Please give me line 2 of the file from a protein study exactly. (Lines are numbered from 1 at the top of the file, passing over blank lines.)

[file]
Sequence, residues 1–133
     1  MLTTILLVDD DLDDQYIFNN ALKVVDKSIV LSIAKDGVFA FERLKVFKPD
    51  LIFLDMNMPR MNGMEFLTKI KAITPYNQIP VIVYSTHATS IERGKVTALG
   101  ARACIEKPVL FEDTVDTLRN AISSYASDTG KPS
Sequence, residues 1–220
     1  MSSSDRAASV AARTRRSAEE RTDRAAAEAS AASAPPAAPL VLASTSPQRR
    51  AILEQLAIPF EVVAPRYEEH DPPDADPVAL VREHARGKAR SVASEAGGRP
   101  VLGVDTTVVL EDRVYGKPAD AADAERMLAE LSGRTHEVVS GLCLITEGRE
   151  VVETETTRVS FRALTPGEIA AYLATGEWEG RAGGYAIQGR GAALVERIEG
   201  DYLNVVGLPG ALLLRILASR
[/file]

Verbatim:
     1  MLTTILLVDD DLDDQYIFNN ALKVVDKSIV LSIAKDGVFA FERLKVFKPD